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Rob Vetter: Trouble in Paradise

Tuesday, 19 Jan 2016 ( #753 ) - BLAINE, WA, United States
Safety First
Rob Vetter is technical director and managing partner with the Ives Training Group, in Blaine, WA, USA, a leader in North American mobile equipment training systems since 1981.

I had the opportunity to spend some time in the Caribbean recently and, being steeped in matters of safety as I am, made a few safety-related observations that left me questioning what - or more specifically why - safety where I live and work seems to reflect a completely different philosophy to the one there.

Even a casual observer of life on "the islands" could not help noticing issues like trucks driving on public roads carrying unsecured loads (both material and human), roadwork being performed without traffic management or even cones, the absence of even the most basic PPE (open-toed sandals while operating a jack-hammer!), workers at height with no fall protection/prevention and, of course, the appalling condition of the tools and equipment used.

I wasn’t there on business, so I didn’t spend too much time enquiring and/or researching but the few locals I talked to displayed the same laid-back attitude: "It’s all good man, don’t worry."

Safety attire? Possible not. PHOTO: HAVAIANAS
Naturally, these types of work habits are unacceptable, regardless of their geographic location, but what really stunned me was their complete and utter apathy toward safety. Does nobody get hurt or killed here? What are the legal liabilities of employers? Why does nobody – workers and (presumably) employers alike – seem to give a flip about safety?

It led me to wonder about why we of "the continent" care and the more I thought about it, the more I came to realise that it’s because we have to. And by ‘we’, I mean employers. Our OHS regulations, codes and standards make it impossible for employers to claim ignorance of safety rules and even if they did, there are usually negative consequences of not knowing.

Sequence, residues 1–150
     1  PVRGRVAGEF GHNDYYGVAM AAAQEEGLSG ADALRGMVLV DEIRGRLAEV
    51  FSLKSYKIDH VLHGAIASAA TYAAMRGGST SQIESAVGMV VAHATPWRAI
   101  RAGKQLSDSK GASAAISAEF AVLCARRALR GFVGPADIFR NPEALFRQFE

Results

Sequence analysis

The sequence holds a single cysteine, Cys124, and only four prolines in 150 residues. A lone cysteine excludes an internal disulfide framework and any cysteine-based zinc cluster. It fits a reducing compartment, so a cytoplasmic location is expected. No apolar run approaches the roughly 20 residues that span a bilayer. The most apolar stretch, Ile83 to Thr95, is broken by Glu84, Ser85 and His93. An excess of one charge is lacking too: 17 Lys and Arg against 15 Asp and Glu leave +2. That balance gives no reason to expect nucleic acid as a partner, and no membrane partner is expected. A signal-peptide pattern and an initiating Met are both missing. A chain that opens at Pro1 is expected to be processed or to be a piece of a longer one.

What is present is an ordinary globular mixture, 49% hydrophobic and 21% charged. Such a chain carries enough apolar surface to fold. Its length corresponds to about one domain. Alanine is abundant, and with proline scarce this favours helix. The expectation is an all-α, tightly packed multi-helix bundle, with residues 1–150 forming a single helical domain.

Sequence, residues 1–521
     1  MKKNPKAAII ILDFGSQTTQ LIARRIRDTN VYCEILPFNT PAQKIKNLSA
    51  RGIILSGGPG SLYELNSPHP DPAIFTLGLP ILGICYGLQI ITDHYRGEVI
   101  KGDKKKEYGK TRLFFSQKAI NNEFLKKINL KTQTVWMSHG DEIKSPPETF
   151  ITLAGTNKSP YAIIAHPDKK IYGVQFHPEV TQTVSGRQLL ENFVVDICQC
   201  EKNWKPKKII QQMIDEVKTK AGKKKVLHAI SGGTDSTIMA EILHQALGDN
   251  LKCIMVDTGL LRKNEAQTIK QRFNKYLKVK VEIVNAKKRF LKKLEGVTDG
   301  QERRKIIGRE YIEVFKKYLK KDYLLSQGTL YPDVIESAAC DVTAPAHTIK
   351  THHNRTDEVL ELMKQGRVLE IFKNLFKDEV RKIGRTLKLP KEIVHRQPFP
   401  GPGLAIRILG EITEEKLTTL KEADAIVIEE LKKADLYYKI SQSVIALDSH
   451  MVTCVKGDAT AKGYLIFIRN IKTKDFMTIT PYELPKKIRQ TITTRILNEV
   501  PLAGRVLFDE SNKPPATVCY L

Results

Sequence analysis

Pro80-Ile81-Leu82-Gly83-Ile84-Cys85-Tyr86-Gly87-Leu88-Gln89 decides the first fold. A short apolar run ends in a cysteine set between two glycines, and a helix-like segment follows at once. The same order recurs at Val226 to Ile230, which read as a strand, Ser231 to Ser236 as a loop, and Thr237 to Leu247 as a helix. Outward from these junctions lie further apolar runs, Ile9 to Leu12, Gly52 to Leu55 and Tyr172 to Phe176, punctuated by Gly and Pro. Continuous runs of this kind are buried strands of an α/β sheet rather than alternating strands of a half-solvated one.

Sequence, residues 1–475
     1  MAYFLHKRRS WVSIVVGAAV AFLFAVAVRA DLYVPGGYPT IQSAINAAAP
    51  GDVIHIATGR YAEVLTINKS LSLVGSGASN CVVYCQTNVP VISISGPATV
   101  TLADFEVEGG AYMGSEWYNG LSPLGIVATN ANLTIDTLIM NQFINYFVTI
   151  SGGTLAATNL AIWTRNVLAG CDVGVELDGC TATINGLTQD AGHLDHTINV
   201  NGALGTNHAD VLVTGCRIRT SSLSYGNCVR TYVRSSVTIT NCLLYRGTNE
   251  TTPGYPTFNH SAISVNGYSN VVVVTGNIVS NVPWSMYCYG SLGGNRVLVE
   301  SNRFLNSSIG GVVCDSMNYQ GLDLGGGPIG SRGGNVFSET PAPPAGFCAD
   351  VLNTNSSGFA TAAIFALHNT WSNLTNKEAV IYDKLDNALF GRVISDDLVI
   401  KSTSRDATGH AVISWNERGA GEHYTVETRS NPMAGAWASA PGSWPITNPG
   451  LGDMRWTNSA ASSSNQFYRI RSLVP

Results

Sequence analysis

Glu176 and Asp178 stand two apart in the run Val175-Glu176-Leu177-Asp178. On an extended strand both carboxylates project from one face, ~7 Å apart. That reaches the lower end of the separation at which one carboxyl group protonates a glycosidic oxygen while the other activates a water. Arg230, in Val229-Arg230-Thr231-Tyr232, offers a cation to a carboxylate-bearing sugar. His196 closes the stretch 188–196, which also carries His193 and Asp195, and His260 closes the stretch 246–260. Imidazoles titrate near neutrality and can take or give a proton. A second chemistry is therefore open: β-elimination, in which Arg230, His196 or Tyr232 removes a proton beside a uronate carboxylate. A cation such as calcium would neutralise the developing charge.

But is this all that makes our ways so different than theirs? Is holding the feet of employers to the fire and slapping them with fines when they screw up really better? I’ll be the first to say that things from an employer/employee compliance standpoint are light years ahead of where they were when I started in the safety arena back in the ‘80s. But surely it’s not merely the threat of financial pain that drove this trend, is it?

No doubt, there are plenty of ethical, progressive employers out there doing the right thing simply because it is the right thing. But to be perfectly blunt, many of the employers I am in contact with even today only put an effort into being safe because they feel forced to. Furthermore, most of the employees I train seem to share that same philosophy - while their attitude toward safety is perhaps slightly better than that of their island brethren.

What do you think? Are we doing the right things for the wrong reasons and if we are, as long as the graph is headed in the right direction and we are getting the results we want, should we care?

I think we should. If all that is preventing us from jack-hammering while wearing flip-flops is fear of getting in regulatory/financial trouble over it, then there is a serious flaw in our collective philosophy. That being said, even though the ends don’t always justify the means, I’ll take the ‘continental’ way over the ‘island’ way every time - even though what separates them may be a thin green line (Note to reader: money is green in my part of the world.). I just think we need to start moving our safety philosophy toward a more subjective motivational base lest we are left with a paradise lost.
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